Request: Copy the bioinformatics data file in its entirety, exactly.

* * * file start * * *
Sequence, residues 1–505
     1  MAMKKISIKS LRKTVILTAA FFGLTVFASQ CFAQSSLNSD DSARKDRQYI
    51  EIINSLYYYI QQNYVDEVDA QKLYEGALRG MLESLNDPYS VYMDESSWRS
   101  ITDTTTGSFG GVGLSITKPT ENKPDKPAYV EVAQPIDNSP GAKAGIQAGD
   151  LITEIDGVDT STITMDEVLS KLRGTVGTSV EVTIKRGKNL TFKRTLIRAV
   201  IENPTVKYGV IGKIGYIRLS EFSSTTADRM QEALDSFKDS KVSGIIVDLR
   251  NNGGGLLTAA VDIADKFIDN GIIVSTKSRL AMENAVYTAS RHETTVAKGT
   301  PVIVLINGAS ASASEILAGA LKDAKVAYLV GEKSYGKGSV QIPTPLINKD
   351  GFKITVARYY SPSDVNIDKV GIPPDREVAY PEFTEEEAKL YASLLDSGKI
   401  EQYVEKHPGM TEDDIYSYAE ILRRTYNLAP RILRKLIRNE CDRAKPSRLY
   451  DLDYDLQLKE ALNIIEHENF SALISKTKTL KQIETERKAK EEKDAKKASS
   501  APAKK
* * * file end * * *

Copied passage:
Sequence, residues 1–505
     1  MAMKKISIKS LRKTVILTAA FFGLTVFASQ CFAQSSLNSD DSARKDRQYI
    51  EIINSLYYYI QQNYVDEVDA QKLYEGALRG MLESLNDPYS VYMDESSWRS
   101  ITDTTTGSFG GVGLSITKPT ENKPDKPAYV EVAQPIDNSP GAKAGIQAGD
   151  LITEIDGVDT STITMDEVLS KLRGTVGTSV EVTIKRGKNL TFKRTLIRAV
   201  IENPTVKYGV IGKIGYIRLS EFSSTTADRM QEALDSFKDS KVSGIIVDLR
   251  NNGGGLLTAA VDIADKFIDN GIIVSTKSRL AMENAVYTAS RHETTVAKGT
   301  PVIVLINGAS ASASEILAGA LKDAKVAYLV GEKSYGKGSV QIPTPLINKD
   351  GFKITVARYY SPSDVNIDKV GIPPDREVAY PEFTEEEAKL YASLLDSGKI
   401  EQYVEKHPGM TEDDIYSYAE ILRRTYNLAP RILRKLIRNE CDRAKPSRLY
   451  DLDYDLQLKE ALNIIEHENF SALISKTKTL KQIETERKAK EEKDAKKASS
   501  APAKK